Young children through adolescents often know they are not well. If your child asks for mental health help or is frequently visiting the school counselor or nurse, it might be a good idea to schedule an initial evaluation with a counselor.
2. Changes in Behavior
If you have a child who usually enjoys spending time around the family but is retreating to their room every day after school and avoiding interactions, you should ask some questions. While the desire for independence may result in a student enjoying more “alone” time, it should not be a stark difference or total withdrawal. Additionally, a child who is normally quite agreeable but suddenly becomes very angry or accusatory may be struggling. The outbursts are a desperate plea for help. Another area of change to look for is a complete change in social group or recreational activities. For example, a student who changes friend groups or no longer wants to participate in sports may have an underlying issue causing the sudden change.
3. Self-Harm or Abuse
Unexplained or brushed-off explanations regarding scratches, bruises, or other physical injuries can be a sign of a need for support and intervention.
Listen to your child. If they are frequently talking about others who are antagonizing them, making fun of them, making them feel uncomfortable, or being mean to them, you should intervene and seek help.
5. Heightened Emotions
Heightened emotions can be a sign of anxiety or worry. A child’s coping skills may be reduced if they have an issue they cannot deal with independently. Irritability, restlessness, or anger that does not match the instigating event may indicate the child needs counseling support.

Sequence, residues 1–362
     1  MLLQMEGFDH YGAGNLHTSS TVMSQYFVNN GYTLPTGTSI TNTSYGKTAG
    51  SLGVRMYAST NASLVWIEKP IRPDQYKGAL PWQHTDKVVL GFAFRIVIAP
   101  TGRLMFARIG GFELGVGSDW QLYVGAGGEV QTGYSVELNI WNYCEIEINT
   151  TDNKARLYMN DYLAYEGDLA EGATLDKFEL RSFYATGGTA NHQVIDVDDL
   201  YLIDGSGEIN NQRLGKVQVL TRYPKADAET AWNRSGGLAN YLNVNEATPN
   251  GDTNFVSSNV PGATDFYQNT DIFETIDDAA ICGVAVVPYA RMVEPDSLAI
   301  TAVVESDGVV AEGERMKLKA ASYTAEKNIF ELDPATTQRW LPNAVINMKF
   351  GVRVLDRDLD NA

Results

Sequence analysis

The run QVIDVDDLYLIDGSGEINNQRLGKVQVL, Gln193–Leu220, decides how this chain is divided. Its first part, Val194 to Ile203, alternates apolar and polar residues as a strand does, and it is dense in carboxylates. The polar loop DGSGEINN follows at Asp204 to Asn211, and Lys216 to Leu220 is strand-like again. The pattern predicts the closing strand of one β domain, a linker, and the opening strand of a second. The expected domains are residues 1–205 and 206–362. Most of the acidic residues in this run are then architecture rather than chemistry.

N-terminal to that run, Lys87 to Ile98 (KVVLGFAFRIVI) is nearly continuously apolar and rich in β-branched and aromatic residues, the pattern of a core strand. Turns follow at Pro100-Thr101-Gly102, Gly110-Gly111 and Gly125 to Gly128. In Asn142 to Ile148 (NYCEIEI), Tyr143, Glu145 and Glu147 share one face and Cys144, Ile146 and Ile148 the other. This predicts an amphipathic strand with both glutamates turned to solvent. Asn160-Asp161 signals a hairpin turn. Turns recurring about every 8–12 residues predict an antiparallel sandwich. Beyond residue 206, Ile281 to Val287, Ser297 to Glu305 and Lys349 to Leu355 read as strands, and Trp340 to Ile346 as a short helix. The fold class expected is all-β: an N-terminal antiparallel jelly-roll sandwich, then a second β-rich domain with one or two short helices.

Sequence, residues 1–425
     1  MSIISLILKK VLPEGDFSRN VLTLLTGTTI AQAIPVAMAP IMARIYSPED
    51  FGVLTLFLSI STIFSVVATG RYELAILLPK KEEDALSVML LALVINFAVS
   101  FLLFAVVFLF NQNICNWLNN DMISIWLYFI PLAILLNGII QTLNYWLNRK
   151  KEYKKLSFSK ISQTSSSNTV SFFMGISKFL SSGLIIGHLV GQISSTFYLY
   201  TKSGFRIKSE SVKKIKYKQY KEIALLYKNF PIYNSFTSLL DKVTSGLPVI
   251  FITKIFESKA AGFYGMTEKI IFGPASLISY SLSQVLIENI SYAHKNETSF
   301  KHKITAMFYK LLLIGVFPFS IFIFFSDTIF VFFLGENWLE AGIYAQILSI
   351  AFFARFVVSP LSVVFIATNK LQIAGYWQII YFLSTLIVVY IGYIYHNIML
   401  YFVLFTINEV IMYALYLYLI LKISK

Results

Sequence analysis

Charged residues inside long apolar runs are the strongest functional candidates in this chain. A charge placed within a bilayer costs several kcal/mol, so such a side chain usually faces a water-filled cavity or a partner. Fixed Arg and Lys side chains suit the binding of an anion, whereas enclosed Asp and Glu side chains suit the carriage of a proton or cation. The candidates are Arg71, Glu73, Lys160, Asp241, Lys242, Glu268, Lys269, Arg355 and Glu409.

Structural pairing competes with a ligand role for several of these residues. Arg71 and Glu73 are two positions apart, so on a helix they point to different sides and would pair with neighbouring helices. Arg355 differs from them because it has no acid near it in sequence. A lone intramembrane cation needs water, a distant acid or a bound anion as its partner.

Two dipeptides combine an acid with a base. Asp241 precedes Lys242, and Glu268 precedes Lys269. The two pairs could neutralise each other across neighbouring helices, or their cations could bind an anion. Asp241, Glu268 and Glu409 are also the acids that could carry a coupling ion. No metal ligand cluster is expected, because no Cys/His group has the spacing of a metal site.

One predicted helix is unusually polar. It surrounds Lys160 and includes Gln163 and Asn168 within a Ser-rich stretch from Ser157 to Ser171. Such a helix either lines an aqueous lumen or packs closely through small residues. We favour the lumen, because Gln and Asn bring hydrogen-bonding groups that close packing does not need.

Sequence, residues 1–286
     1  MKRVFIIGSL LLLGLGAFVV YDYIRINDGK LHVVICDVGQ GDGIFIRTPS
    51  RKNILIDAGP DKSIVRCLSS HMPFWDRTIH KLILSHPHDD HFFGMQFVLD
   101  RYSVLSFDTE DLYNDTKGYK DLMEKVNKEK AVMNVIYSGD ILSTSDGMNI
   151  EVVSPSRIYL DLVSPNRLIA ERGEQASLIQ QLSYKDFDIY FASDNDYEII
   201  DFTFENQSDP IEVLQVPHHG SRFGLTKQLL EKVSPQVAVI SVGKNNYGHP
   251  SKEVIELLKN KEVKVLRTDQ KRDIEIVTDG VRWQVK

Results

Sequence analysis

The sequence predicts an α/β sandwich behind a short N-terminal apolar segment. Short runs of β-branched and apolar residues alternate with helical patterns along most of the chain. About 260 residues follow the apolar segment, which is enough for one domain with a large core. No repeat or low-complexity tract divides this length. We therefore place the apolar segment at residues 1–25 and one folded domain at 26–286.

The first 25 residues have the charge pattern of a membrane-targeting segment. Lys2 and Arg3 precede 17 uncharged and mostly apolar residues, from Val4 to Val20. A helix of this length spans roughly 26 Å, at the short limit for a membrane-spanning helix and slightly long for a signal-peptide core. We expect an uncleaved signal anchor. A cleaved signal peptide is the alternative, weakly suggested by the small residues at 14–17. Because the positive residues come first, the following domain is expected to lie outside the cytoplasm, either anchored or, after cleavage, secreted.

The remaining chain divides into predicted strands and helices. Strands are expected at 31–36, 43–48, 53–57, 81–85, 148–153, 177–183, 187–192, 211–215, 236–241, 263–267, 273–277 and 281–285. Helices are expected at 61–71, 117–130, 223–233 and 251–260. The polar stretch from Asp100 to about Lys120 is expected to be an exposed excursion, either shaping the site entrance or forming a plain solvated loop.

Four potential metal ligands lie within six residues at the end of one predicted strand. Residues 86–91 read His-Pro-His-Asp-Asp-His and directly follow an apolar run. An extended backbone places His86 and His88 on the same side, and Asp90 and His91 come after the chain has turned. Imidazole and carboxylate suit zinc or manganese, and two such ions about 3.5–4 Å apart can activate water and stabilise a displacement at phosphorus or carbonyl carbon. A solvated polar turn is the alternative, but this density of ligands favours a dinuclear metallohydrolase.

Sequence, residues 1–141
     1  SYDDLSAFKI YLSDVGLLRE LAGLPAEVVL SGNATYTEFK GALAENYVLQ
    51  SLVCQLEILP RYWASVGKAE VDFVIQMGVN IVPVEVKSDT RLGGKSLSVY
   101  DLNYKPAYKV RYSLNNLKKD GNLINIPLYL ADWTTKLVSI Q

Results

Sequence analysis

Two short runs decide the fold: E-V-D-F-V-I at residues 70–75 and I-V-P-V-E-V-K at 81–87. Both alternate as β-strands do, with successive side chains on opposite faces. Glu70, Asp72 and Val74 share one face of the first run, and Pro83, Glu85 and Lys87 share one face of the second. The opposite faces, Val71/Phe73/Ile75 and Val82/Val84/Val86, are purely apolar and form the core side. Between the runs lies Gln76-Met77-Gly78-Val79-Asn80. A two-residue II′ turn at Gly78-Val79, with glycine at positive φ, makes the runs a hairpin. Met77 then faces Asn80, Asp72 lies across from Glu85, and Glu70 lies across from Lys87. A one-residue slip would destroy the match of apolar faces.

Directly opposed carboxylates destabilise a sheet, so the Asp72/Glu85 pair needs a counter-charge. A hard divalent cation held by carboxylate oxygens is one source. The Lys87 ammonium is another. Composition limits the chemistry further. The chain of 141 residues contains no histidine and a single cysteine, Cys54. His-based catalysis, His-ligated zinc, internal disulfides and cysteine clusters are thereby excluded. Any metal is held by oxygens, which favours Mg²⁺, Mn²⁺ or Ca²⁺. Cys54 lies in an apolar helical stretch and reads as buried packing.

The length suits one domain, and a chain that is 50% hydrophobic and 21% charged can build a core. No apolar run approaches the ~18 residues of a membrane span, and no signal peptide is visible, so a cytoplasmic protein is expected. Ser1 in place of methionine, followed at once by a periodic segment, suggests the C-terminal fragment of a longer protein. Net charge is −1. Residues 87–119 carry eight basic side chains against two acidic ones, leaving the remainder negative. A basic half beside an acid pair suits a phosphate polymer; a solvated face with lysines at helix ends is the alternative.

6. School Concerns
A decline in grades or an increase in school discipline should be seriously considered as a factor when deciding if counseling support is needed. Calls from concerned teachers, coaches, or school administrators should be considered seriously.
7. Not Functioning
A child who is frequently truant, late, or unable to participate in school/school activities at a level comparable to peers may indicate a need for an evaluation or counseling care.
A child who has experienced trauma may need intervention from a helping professional to minimize the adverse effects of the traumatic event. Unresolved or repressed trauma can lead to future difficulties and a lack of overall emotional and physical wellbeing.
9. Abnormal Sleep Patterns
Changes in sleep patterns should be considered a probable reason to pursue therapy. A child who is sleeping or sleepy during normal waking hours may need help. A child who is having difficulty falling asleep, maintaining sleep, or resting may need support. Night terrors, a fear of falling asleep, or bad dreams can also be signs of a need of support.
10. Parental Instinct
As a parent, never underestimate your “gut feelings.” If you feel something is wrong, even if your child assures you they are fine, seek help. You are your child’s best support system and likely know them better than anyone.
Disclaimer: These are general guidelines, not absolutes. If you feel your child is unwell emotionally, take steps to intervene. Call a mental health professional or a pediatrician for an evaluation and recommendations. It is always best to err on the side of caution when mental health needs may be present.